Success comes from not only believing in your vision, but also in yourself. Sounds easy enough, but it gets complicated when self-doubt and toxic thinking take over. These thoughts aren't a mere nuisance. Such negativity can create an impenetrable roadblock between you and your dream of success.

Here are some examples of the all-too-common beliefs that entrepreneurs take on. See if you identify with any of them, but most importantly, know that you can change them!

1. This is really, really hard.

Sure, it can be difficult to run a business, but focusing on the impossibility of it all will only get you into trouble. If you believe that everything is painfully difficult, that's exactly how it will be. When your brain becomes so preoccupied with the stress and anticipation of an impossible challenge, you cannot think clearly or allow your ingenuity to surface.

Place more emphasis on the things that you don't find difficult, even if they seem insignificant (trust me, they're not). Recognize every achievement, no matter how small, and your life won't seem as hard.

2. This is just a waste of time.

A fellow coach once offered me the opportunity to be featured in her series of interviews with thought leaders. But this "thought leader" immediately took on the belief that it would be a waste of time. A lot of work is involved in preparing everything that goes into such events, and it just felt overwhelming. Fortunately, I persuaded myself to step back and see the big picture. There was a world of possibilities in this opportunity, including the chance to make a difference.

If something feels like a waste of time, it may very well be. However, don't always go with your immediate impulse; take the time to see the big picture.

3. Things never go my way.

Failed partnerships, difficult employees, shipments that don't come in on time, vendors and clients who just don't get it. As a business owner, you open yourself up to every one of these possibilities. However, if you believe that it's always someone else's fault, you'd be wrong. It's easy to place blame elsewhere, but truthfully? It's a lot better to accept your part of the responsibility in any situation gone wrong.

Placing blame only fuels anger, disappointment, and a victim mentality. You cannot control every person or circumstance, but you can control your own thoughts and actions. Accepting responsibility puts you back in the driver's seat, where you belong.

4. I don't have enough money to do that.

This mentality of lack will only serve to keep you exactly where you are: broke and stuck. Instead of, "I can't afford it," try "What other means do I have to get this done?" Closed-end thoughts tell the brain that it doesn't have to stretch any further to see other options and solutions. There is an affordable, even free option for just about anything you want to do. If one avenue truly is unaffordable, don't see it from a viewpoint of lack, just look for another path.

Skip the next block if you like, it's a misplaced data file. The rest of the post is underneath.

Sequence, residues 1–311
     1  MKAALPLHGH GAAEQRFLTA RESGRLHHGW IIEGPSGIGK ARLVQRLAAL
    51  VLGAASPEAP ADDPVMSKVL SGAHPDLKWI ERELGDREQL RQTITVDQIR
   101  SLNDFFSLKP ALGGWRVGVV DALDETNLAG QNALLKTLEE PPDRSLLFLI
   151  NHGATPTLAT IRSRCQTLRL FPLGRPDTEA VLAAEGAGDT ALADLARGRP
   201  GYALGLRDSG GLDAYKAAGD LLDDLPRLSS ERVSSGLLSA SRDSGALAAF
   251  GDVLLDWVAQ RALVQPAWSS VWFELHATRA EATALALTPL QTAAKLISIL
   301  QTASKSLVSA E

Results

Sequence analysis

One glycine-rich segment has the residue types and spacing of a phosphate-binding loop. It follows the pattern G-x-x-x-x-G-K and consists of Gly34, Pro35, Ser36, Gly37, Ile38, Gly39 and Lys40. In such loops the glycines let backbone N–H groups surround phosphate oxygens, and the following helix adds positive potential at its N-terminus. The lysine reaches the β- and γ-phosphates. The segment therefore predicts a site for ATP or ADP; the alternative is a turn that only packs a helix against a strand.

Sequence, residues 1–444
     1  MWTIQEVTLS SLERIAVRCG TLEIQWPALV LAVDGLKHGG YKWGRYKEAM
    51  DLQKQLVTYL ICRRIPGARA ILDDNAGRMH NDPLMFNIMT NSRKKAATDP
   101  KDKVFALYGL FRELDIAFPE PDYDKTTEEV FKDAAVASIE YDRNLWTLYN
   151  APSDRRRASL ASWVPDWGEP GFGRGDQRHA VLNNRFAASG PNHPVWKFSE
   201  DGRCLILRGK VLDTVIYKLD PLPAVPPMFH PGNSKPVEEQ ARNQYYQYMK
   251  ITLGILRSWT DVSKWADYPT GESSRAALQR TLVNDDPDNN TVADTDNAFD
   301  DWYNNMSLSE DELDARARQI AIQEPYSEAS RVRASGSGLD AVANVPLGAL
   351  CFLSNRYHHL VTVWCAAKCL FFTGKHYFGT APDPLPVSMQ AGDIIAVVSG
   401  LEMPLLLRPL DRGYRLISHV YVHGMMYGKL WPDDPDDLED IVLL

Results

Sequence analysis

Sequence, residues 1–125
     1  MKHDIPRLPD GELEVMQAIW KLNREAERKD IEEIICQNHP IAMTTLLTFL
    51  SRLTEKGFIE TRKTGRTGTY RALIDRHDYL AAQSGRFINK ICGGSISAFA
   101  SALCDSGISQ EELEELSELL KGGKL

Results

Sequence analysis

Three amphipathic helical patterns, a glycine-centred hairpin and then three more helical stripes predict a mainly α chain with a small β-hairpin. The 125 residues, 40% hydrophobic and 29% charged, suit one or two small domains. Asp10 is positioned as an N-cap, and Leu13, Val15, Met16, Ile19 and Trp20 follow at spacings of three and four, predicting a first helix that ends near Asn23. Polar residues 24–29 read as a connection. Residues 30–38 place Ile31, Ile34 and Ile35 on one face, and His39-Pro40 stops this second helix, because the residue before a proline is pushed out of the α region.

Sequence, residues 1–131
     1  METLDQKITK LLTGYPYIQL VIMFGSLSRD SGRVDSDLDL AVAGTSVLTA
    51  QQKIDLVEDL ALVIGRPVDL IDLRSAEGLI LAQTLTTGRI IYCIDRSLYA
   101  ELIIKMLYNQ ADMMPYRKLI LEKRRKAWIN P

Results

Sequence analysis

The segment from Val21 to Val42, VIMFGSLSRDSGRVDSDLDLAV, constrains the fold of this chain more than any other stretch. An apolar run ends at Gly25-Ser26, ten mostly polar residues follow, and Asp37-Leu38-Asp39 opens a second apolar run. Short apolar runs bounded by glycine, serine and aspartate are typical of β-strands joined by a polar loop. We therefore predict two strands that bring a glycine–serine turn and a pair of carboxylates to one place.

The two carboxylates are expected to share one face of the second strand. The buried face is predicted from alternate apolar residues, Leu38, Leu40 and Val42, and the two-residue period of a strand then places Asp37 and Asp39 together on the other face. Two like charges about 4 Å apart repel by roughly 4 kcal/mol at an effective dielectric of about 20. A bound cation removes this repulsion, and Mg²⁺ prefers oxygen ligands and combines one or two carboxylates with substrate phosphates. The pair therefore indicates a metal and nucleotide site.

5. I'm not (fill in the blank) enough.

If you put limits on yourself, your body and mind will deliver exactly what you expect. You will never be "enough." There's a difference between recognizing your strengths and weaknesses and placing limits on yourself. Sure, you may not be an artist, but that doesn't mean you aren't creative. If you do not possess a certain skill or talent, don't interpret it as a weakness--no one can do it all.

6. There's never enough time.

This is a big problem for entrepreneurs who either think they can do it all or don't manage their time well. You have the same 24 hours per day that everyone else has, and that's plenty of time. If you believe there is not enough time in the week, then you either have the tendency to create unrealistic expectations for yourself or you stink at time management. Hire a coach to figure this out with you, and your life will change.

7. I hate managing people.

There are at least three things wrong with this thought:

  1. If you hate managing people, your business will never grow.
  2. If you really understood the role of an entrepreneur, you'd know that there will eventually be a middle person (at least one) between you and the rest of your staff. You won't always be in charge of HR. You can do anything if you know it's not forever.
  3. If you hate managing people, you probably have issues with communication. It would be worth your time to find some good books, classes, and consultants to help you with that.

I may have missed your most prevalent toxic line of thought, but really, they're all the same. Any limiting belief will make you feel bad about yourself and/or others--not a characteristic that a successful entrepreneur holds on to.

If you have a difficult time separating reality from a limiting belief, just pay attention to your body. Do you have excessive tension in your shoulders, discomfort in your stomach, or heaviness in your heart, for example? Physical symptoms that aren't associated with a health problem usually mean that the gremlins in your head are getting the best of you.